If you’re extraordinarily prepared, you can float insights, ideas, articles, and concepts in front of your clients to provide an extra layer of value. Join Andrea Grodnitzky, SVP of Richardson, for a Richardson Video short where she discusses how being extraordinarily prepared can differentiate you from your competitors. Learn more about Richardson comprehensive sales training and performance support solutions at http://www.richardson.com
If you watched Super Bowl XLVI earlier this month, you might think that professional coaches, who manage winning teams, deploy a robust coaching strategy balanced between scowling and screaming. But look closer — professional sports coaches scowl and scream to motivate or “remind” their players of the need to execute the game strategy, in both real time (during the game) and beforehand in preparation for the game. While the game is being played, individual coaching does take place all around the head coach (on the field, in the booth, and on the sideline). It is no different in business, except maybe the screaming part. Business leaders know to use effective coaching conversations, not commands — and the fabric of effective coaching conversations is woven with questions.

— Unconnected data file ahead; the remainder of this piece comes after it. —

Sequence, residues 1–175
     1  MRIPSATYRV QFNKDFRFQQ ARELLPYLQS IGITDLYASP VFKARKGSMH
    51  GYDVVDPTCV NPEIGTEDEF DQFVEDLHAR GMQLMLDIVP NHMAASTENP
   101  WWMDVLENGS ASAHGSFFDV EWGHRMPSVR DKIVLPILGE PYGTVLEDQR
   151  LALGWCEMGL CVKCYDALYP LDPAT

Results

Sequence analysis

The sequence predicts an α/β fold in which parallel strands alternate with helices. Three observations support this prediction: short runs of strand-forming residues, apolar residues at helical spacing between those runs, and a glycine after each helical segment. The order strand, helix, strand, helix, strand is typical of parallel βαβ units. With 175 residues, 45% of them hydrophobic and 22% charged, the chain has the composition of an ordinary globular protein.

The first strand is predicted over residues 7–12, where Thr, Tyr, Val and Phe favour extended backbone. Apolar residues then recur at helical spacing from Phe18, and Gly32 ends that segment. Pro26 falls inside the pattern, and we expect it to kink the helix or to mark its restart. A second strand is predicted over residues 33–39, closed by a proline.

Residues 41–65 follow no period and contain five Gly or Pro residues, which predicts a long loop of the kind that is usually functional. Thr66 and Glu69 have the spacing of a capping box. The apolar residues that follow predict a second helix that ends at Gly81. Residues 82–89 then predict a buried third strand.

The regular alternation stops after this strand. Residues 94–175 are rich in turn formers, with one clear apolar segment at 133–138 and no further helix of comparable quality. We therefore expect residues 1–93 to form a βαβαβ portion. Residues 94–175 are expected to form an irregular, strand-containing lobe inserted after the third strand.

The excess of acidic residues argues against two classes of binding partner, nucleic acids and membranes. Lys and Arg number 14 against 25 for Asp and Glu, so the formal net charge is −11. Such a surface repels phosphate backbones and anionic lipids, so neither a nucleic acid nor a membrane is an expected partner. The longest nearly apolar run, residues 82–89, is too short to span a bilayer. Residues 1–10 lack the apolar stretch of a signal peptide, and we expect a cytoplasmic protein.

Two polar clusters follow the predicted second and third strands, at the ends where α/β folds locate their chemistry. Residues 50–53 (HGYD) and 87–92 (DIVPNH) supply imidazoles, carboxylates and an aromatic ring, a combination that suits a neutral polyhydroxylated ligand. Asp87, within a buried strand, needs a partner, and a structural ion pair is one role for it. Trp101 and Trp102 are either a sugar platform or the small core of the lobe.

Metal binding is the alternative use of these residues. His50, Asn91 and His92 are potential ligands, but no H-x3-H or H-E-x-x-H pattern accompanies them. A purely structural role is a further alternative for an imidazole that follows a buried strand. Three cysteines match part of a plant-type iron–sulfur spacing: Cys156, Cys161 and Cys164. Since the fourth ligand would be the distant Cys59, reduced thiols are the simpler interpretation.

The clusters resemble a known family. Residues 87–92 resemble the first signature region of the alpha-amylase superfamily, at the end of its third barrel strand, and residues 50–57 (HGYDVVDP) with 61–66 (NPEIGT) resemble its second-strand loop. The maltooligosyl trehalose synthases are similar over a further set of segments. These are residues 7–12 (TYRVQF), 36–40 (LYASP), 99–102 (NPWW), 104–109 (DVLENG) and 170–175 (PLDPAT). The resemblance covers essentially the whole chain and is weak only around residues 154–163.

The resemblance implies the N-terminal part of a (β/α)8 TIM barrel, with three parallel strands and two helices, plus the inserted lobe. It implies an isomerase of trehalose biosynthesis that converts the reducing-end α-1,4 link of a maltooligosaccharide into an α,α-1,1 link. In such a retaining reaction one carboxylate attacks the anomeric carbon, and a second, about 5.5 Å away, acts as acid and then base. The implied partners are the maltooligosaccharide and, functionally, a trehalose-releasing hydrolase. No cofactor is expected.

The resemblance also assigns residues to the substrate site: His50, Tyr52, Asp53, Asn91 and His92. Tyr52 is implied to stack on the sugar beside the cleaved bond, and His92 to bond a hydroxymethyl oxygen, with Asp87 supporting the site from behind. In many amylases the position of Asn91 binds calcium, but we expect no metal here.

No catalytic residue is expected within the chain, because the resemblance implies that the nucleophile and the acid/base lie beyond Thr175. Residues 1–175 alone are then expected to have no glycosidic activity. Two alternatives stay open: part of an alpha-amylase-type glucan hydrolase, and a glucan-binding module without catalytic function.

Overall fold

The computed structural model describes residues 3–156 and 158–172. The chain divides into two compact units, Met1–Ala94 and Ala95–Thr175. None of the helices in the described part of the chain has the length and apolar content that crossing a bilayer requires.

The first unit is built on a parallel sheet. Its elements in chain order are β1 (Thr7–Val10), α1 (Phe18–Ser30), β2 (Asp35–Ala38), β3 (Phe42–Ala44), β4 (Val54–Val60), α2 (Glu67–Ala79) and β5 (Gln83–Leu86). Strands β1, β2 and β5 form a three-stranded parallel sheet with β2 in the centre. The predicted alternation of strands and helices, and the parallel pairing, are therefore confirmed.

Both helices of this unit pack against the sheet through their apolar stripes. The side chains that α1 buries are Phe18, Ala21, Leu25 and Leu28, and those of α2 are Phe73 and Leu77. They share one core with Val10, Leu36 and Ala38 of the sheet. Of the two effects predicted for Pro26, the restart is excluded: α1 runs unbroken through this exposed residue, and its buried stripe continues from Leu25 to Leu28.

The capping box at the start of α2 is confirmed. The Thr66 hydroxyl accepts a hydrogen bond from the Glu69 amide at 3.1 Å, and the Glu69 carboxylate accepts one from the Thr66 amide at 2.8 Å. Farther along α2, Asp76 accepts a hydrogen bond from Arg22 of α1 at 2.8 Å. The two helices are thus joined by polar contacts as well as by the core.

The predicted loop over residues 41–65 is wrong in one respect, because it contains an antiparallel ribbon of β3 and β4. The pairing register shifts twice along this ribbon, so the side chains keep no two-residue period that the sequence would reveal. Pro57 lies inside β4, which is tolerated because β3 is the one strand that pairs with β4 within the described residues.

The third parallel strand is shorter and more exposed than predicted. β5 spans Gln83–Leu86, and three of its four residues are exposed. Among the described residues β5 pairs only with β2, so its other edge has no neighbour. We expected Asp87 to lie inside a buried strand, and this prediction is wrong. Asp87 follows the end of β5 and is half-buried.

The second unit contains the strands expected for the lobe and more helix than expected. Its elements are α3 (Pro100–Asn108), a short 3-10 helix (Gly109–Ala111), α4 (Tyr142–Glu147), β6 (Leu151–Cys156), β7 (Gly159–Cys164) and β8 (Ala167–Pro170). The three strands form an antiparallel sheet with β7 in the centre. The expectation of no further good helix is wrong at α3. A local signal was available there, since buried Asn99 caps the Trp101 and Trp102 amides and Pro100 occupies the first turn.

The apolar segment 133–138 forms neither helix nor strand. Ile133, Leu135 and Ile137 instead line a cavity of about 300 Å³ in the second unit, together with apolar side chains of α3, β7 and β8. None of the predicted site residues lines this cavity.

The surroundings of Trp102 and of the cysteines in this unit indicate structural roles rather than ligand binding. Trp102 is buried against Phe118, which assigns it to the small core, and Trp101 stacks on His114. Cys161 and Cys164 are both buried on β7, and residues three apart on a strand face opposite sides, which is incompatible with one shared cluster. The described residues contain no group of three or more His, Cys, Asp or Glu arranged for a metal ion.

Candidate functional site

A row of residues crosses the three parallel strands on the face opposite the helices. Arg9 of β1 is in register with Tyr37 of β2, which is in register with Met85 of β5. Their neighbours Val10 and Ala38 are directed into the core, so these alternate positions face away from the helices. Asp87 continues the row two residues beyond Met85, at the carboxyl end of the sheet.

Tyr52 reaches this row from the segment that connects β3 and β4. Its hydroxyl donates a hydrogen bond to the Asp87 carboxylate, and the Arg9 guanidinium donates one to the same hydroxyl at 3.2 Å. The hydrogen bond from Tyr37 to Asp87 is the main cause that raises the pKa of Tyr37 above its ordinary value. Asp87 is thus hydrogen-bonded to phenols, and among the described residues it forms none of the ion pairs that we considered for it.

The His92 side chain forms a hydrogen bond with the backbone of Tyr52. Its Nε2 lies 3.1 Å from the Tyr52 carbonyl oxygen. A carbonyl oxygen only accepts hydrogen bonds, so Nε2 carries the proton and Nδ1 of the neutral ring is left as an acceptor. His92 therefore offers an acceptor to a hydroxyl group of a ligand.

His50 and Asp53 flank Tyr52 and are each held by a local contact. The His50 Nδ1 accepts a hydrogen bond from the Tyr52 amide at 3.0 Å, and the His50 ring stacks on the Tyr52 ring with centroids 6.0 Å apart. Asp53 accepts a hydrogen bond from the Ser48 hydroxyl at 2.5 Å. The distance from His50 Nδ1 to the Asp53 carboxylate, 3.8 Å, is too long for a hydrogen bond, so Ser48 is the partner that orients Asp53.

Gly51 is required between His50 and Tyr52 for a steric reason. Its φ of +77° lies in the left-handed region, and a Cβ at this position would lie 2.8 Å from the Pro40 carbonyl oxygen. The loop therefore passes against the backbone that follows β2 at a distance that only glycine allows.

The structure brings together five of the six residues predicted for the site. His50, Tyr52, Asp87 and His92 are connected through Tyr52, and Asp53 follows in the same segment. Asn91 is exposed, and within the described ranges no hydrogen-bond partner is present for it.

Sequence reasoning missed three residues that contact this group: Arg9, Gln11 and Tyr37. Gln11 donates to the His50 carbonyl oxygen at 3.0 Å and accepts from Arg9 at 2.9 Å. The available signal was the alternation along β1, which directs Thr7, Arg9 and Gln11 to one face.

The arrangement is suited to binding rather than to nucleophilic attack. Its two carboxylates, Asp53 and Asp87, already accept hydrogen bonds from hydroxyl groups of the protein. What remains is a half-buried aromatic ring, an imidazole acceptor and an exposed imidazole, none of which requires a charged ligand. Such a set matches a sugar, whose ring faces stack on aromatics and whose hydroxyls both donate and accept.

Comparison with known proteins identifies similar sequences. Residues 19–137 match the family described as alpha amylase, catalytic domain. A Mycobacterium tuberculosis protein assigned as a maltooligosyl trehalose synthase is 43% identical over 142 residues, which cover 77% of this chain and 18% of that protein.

Is your organization developing its salesforce effectively to drive results?
On February 9, 2:00 p.m. ET/19:00 GMT, Richardson’s Debbie Antonelli, EVP Global Sales and Janet Clarey, senior analyst in Bersin & Associates’ L&D practice area will share research findings on best practices for effective coaching.
Last week, I shared how sales organizations can stop driving with their rear-view mirror and turn on their headlights with predictive analytics. At Richardson, we call them verifiable outcomes.
For as long as business has been conducted, most sales organizations have attempted to measure their progress and success – yet, they have done so by reviewing results on a retroactive basis rather than utilizing verifiable outcomes. Pipeline conversion, target achievement, and forecast accuracy are common measures. The issue is that these are outcomes that have already occurred. Imagine driving a car by looking through your rear-view mirror. Not a great way to get where you want to go.
New Whitepaper from Richardson: Using Verifiable Outcomes in the Sales Process to Change and Track Behavior.
The use of verifiable outcomes has become more widely adopted by companies engaged in complex sales. These measures provide visibility into the sales process, pipeline performance, and forecasting. The problem, however, is that most of these verifiable outcomes are lagging indicators of past performance, not leading indicators of future achievement. Richardson’s new whitepaper explores how to identify and use verifiable outcomes that are leading indicators of customer engagement.